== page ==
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Royal Kings Arms Hotel Lancaster
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Places to visit in and around Lancaster
Lancaster Castle is a medieval castle in Lancaster in the English county of Lancashire. Its early history is unclear, but may have been founded in the 11th century on the site of a Roman fort overlooking a crossing of the River Lune. In 1164, the Honour of Lancaster, including the castle, came under royal control. In 1322 and 1389 the Scots invaded England, progressing as far as Lancaster and damaging the castle. It was not to see military action again until the English Civil War.
Lancaster is one of England’s Heritage Cities. It’s as vibrant as it is quirky with a captivating past and a cultured present. A creative city. An independent city. A city with a great outdoors. A city to shout about. Lancaster is a city with great stories to tell and is easily reached from all over the UK. Just over two hours from London and Edinburgh on the West Coast Line, Lancaster is well served by main line rail.The M6 motorway (The backbone of Britain) provides quick and convenient car travel to the length of the country. In just over an hour from Manchester, Liverpool and Leeds you could be exploring our beautiful City.
The Trough of Bowland is a beautiful valley in the Forest of Bowland Area of Outstanding Natural Beauty just a few miles from the city of Lancaster. At 295m at its highest point, The Trough of Bowland historically marked the county boundary between Lancashire and the West Riding of Yorkshire. After the shuffle in 1974 Lancashire lost some parts of what is now Cumbria but gained more of the Forest of Bowland to the east.
The Lancaster Canal was only recently connected to the national waterway network via the Ribble Link in 2002. Spending the majority of its life in isolation, it has developed its own unique character. 2019 marks 200 years since the completion of the main line of the Lancaster Canal. Linking Preston to Kendal, the Lancaster Canal is one of the country’s few coastal canals. Built along the natural lie of the land it offers 41 miles of lock free cruising - the longest stretch in the country. As the canal is naturally level, it also lends itself to gentle walking and cycling as well as canoeing and other outdoor activities. And we've loads of trails and routes to help you take advantage of this wellbeing resource on your doorstep.
The magnificent Morecambe Bay stretches from the south west corner of the Lake District to Fleetwood in Lancashire, and is just a 15 minute drive from the Royal Kings Arms. Meet the King of Piel Island or the Queen’s Guide to Sands. Discover Morecambe Bay’s bustling Victorian towns and Art Deco glamour wherever you look. Uncover ancient sites and seafaring traditions. Marvel at spellbinding views and stunning skies of Morecambe Bay that seem to set the sea alight. Hear the Bay’s wading birds calling, seals playing, and kite-sails flying… or just sit back and enjoy some freshly caught fish and chips.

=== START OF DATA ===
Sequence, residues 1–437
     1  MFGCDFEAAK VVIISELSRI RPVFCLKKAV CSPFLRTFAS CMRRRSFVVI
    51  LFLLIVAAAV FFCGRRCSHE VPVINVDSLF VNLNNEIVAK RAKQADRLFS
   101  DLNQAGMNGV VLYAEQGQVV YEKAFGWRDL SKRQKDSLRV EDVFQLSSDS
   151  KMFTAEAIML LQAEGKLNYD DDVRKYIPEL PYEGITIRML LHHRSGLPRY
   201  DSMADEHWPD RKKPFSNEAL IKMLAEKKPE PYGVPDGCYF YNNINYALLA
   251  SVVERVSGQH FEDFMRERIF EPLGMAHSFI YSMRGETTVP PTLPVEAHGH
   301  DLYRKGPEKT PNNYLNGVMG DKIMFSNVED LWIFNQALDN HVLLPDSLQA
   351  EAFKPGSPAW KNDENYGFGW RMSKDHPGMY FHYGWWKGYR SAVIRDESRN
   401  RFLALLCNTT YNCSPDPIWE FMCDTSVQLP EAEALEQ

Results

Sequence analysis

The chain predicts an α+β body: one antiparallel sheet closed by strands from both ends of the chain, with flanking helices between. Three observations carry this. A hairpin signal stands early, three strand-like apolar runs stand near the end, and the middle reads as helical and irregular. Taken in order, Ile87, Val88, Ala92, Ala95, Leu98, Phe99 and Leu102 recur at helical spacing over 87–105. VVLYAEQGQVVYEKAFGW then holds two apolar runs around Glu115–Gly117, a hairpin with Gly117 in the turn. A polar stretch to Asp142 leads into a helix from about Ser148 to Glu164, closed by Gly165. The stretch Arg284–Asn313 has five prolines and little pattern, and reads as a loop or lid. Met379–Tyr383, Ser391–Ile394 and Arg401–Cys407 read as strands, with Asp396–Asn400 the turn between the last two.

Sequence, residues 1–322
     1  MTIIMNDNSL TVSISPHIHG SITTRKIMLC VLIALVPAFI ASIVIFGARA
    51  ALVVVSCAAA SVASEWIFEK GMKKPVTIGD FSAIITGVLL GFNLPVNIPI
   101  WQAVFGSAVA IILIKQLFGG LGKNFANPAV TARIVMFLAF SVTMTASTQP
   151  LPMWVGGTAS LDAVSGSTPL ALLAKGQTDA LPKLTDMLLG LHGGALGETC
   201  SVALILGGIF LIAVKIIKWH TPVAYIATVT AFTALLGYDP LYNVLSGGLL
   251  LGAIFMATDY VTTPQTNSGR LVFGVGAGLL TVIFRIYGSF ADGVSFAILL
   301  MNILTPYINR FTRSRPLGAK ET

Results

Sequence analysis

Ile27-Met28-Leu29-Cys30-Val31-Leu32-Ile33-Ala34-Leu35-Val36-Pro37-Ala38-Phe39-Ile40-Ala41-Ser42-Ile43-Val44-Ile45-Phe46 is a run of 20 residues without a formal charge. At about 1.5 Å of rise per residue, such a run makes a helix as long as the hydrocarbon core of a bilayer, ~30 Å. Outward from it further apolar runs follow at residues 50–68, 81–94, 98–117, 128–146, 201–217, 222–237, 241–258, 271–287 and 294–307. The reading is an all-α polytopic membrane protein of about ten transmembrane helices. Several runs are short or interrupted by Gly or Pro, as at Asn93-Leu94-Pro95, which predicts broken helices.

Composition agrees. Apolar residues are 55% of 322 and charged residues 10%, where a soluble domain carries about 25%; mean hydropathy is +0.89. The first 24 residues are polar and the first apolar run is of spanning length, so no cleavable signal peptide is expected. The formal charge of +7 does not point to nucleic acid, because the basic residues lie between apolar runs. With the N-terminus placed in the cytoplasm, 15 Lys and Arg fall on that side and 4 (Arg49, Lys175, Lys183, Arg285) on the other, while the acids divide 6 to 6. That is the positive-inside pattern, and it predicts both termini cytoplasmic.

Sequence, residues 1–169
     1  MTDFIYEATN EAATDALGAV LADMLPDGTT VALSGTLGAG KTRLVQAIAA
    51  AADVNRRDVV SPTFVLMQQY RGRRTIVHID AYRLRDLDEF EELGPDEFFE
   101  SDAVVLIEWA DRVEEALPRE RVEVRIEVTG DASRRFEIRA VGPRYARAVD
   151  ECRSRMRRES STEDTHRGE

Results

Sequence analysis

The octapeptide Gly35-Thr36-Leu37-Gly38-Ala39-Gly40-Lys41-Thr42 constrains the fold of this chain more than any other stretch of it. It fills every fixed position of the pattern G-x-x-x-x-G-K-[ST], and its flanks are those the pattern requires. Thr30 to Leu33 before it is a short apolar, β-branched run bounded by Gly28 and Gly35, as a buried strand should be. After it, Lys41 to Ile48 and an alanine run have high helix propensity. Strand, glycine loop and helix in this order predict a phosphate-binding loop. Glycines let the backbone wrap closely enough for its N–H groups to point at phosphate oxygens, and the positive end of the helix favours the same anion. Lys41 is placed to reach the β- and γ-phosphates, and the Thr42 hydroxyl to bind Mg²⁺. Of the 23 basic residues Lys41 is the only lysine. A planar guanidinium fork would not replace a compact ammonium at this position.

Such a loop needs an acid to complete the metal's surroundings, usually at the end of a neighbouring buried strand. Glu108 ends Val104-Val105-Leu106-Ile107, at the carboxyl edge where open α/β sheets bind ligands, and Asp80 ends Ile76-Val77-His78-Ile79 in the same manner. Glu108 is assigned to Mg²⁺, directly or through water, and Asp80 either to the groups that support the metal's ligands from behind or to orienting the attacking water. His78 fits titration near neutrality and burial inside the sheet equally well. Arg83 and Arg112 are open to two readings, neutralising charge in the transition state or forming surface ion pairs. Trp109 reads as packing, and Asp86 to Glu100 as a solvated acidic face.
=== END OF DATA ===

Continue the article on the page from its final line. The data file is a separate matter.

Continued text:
In England’s north western corner lies ancient Cumbria and the timeless landscapes of the Lake District. This is where modern tourism was born, in the shimmering lakes and hushed mountains whose radiant beauty inspired poets and painters to turn nature into art. A landscape of adventure designed to challenge the imagination, from the exhilaration of the summits to the thrill of an open water swim. A deep heritage of culture expressed in traditional games and a rich calendar of performance. A sophisticated cuisine rooted in the land itself. A world apart, but so easy to get to. In Cumbria and the Lake District we know how to take care of our guests. We’ve been doing it for a long time.
The museum was opened in 1985 in the former Custom House of 1764, designed by Richard Gillow. It also incorporates the upper floor of the neighbouring warehouse, where goods were stored after being shipped into the port from all over the world. Explore these atmospheric and fascinating buildings and discover the history of the Port of Lancaster, the local fishing industry and life in the spaces between land and sea. You can experience the treacherous crossing of the sands, sit in a packet boat on the Lancaster Canal, and hear about life on and around Morecambe Bay. Discover Lancaster’s darker side, as we uncover the city’s involvement in the Transatlantic slave trade and how many families grew their wealth from the trade in enslaved Africans and slave-produced goods.
The Grand Theatre, under its many names, has been a major part of the social and cultural life of Lancaster since it opened in 1782. Some key events are: 1897 Frank Matcham, one of the best known theatre architects, designed and supervised an extensive re-modelling of the stage and auditorium. 1908 A major fire gutted the interior of the Grand, virtually destroying Matcham’s work. Phoenix-like, less than eight months later, it reopened in an Edwardian design to which it remains to the present day.
Lancaster Brewery is a multi-award-winning regional brewer of beautiful beers, born and brewed in the North West of England. Lancaster Brewery has four popular beers that form our core range - Lancaster Blonde, Amber, Red and Black and we also produce monthly specials and seasonal beers from our purpose built brewery located on the outskirts of Lancaster. We do brewing properly. No fuss, no shortcuts, just proper old fashioned brewing using Freshly milled malt (milled on site the same day that we brew), whole-leaf hops and live yeast that, combined with our expertise, produces some of the best beer in the country.
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